“Revolution will be in the air” according to The Economist's World In 2017

“Revolution will be in the air” according to The Economist's World In 2017


LONDON, UNITED KINGDOM - November 22, 2016 - The World in 2017, the annual supplement from The Economist, predicts that revolution will be in the air for 2017, citing the centenary of the Russian revolution as well as the repercussions of Donald Trump’s victory in the US presidential election.

Daniel Franklin, editor of The World in 2017 said: “Americans have voted for game-changing disruption which will send shock waves around the world. An inward-looking America will unnerve allies from Europe to Asia who have depended on the superpower’s stabilising support.” 

The World in 2017 explores different regions of the world and notes that:

  • Europe will feel the tremors of the Trump victory throughout the year. The scale of the protest vote will be keenly watched in presidential elections in France and parliamentary ones in Germany and the Netherlands. Britain will formally launch its proceedings for divorce from the European Union, which will be bitterly fought over at home and abroad
  • The potential for nuclear confrontation is disturbingly high as Vladimir Putin has been ever more brazen and his drive to restore Russia’s status as a great power has shown himself to be a willing risk-taker; North Korea represents a nuclear threat of a different kind as it continues nuclear testing and developed the ability to miniaturise a warhead to fit on a missile.
  • In China, Xi Jinping will use the five-yearly congress of the Communist Party’s Central Committee to pursue his own imperial ambitions
  • In the wider jobs market a revolution will rumble on, too, driven above all by advances in technology. New types of occupations – from drone operators to “bot wranglers” and virtual-fashion designers will offer opportunities. Artificial intelligence will have a growing influence on people’s lives (and personalized medicine will start to prolong the). More and more computers will offer their increasingly efficient services as digital personal assistants.

But, The World in 2017 also notes that young people will be less worried by these forces of change than interested in using them to shape the future. And in a special section in this year’s edition a number of rising artists, activists, entrepreneurs and innovators, all born since 1985, were invited to give their predictions for 2017 and beyond.

The World in 2017 also plays host to predictions from leaders in business, politics, science and the arts, who add their ideas for 2017:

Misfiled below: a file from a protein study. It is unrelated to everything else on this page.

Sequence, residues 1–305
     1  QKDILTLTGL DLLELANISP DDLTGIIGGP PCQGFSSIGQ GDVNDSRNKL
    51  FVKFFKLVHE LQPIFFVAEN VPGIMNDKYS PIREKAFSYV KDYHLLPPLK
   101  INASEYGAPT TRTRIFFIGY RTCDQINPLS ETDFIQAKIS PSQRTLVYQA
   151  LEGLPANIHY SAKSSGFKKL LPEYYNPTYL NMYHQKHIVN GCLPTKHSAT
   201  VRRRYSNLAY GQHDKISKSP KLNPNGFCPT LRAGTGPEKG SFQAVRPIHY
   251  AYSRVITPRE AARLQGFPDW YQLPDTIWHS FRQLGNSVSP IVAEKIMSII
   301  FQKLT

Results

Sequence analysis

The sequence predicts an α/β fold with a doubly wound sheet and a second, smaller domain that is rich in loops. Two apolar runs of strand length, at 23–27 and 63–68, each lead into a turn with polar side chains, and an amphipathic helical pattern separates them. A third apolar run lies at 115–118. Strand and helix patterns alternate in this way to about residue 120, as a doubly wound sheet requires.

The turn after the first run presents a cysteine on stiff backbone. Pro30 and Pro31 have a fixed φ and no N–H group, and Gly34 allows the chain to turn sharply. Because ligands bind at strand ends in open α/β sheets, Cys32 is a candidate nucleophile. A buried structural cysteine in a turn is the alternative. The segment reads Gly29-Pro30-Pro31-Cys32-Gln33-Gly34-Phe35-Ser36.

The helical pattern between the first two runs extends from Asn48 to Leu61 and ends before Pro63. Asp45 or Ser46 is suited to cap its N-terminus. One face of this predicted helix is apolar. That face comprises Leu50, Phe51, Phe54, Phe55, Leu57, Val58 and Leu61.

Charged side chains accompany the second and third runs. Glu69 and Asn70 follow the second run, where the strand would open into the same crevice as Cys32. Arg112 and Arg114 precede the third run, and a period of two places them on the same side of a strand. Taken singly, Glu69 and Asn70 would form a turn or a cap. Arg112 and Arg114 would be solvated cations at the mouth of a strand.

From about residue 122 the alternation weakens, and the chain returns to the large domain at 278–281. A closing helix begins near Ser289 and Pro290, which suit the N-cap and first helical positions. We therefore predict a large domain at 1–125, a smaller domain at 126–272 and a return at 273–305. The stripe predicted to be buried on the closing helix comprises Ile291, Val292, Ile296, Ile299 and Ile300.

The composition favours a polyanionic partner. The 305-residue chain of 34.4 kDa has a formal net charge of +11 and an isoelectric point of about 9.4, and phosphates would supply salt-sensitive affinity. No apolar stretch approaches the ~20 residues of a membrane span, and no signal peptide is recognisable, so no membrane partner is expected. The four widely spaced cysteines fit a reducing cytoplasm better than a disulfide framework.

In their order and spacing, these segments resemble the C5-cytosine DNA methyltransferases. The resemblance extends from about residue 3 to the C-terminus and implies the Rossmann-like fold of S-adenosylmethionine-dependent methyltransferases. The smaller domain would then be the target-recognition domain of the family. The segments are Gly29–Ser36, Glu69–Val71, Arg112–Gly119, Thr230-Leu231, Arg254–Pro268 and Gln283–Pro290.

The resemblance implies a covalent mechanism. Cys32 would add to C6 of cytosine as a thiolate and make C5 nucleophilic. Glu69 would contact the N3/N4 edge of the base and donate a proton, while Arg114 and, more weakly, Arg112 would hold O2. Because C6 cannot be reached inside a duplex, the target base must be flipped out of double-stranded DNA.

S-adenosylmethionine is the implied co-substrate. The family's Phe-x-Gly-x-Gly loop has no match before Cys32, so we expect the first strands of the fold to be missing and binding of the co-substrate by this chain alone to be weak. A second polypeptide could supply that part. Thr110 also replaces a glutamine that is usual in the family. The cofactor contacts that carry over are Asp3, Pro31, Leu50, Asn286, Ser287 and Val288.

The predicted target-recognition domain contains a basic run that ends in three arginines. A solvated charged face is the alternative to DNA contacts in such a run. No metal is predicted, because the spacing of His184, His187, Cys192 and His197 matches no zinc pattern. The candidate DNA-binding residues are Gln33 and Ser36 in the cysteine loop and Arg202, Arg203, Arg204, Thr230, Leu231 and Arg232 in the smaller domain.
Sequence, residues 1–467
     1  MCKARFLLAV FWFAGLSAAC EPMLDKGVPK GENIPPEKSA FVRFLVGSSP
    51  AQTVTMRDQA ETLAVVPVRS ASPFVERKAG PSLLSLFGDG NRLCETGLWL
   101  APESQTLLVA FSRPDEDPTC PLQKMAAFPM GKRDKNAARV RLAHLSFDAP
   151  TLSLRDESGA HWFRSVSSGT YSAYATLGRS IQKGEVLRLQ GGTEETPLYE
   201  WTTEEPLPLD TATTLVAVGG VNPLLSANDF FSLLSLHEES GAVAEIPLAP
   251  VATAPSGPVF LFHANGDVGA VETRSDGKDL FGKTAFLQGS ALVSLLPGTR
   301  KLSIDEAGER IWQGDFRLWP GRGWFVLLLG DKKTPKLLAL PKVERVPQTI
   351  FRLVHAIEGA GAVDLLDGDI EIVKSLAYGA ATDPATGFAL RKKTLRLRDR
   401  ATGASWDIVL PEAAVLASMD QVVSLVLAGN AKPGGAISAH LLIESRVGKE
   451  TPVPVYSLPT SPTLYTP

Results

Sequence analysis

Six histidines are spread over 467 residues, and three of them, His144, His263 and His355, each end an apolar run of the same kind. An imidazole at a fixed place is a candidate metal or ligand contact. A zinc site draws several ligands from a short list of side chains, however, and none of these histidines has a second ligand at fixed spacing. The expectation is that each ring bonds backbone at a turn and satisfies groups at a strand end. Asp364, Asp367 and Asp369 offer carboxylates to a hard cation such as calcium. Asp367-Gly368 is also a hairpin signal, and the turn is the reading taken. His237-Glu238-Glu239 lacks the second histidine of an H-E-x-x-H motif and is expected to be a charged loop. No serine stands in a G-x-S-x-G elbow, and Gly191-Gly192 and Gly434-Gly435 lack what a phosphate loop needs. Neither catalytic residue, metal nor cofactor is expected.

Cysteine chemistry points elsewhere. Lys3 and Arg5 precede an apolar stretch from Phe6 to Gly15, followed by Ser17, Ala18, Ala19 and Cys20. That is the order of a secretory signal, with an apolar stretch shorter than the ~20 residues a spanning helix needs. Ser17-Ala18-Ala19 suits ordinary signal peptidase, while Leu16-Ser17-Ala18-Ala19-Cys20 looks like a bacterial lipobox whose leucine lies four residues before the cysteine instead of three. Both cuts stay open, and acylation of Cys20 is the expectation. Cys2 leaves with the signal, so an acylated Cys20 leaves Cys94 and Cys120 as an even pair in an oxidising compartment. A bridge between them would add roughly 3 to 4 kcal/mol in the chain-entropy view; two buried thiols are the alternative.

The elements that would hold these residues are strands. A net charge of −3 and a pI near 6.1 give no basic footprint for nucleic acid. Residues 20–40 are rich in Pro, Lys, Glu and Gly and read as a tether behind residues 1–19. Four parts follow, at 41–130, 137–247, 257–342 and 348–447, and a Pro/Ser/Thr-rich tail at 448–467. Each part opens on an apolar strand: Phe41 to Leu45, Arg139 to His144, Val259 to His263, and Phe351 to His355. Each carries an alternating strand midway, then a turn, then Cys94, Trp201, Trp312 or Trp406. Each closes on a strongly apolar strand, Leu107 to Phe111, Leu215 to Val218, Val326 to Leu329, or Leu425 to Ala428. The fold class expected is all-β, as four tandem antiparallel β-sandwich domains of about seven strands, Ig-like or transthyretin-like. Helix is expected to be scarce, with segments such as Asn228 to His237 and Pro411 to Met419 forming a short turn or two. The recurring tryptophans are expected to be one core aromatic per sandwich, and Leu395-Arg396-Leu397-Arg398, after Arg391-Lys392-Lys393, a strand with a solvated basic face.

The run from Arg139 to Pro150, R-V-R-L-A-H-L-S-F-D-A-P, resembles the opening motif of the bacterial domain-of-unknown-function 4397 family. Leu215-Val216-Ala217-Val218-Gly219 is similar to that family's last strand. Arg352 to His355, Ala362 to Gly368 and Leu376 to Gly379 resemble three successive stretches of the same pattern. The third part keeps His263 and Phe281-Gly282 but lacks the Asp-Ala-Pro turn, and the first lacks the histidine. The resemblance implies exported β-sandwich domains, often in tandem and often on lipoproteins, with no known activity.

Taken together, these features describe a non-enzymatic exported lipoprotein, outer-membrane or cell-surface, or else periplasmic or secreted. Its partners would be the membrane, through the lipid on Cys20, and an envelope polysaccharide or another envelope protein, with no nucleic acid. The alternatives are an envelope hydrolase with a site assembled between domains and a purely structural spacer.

• Justin Trudeau, prime minister of Canada, explains why his country will not turn inwards as globalisation comes under fire
  • Hiroshi Mikitani, CEO of Rakuten, argues that, to reinvent its economy, Japan needs less regulation and more foreigners
  • Tsai Ing-wen, president of Taiwan, expects reform to gather pace
  • Jin Liqun, president, Asia Infrastructure Investment Bank, explains why his new institution will innovate and collaborate
  • Yvonne Chaka Chaka, singer and founder of the Princess of Africa Foundation, argues that the world must break down the barriers to girls succeeding
  • George Clooney and John Prendergast, co-founders of Sentry, argue that tackling corruption is the key to peace in South Sudan and beyond
  • Maria Alyokhina, member of Pussy Riot, reflects on what revolution means today
  • Sadiq Khan, mayor of London, argues that cities are increasingly shaping the future and should get more control over the money they spend
  • Sir Martin Sorrell, CEO of WPP, laments that risk-aversion is shrinking the corporate world, but says long-term thinking can make a comeback
  • Ray Dalio, Founder of Bridgewater Associates, explains why the 1930s hold clues to what lies ahead for the economy
  • Yuri Milner, entrepreneur and physicist, hopes that curiosity about science will catch on
  • Susan Wojcicki, CEO of YouTube, predicts that more flexibility and more choice will transform the world’s viewing habits

The World In 2017 can be found on newsstands, on http://www.theworldin.com/ and on The World In 2017 app available on iTunes store and Google Play.

About The Economist (www.economist.com)

With a growing global circulation and a reputation for insightful analysis and perspective on every aspect of world events, The Economist is one of the most widely recognised and well-read current affairs publications. The paper covers politics, business, science and technology, and books and arts, concluding each week with the obituary. In addition to the web-only content such as blogs, debates and audio/video programmes available on the website, The Economist is available to download for reading on Android, Blackberry PlayBook, iPhone or iPad devices. The Economist Espresso, our daily briefing smartphone app, is also available for download via iTunes App Store or Google Play.

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CONTACT:       Lauren Hackett/The Economist (US), laurenhackett@economist.com/+1 212 554 0639

                       Holly Donahue/The Economist (UK), hollydonahue@economist.com/+44 (0) 20 7576 8379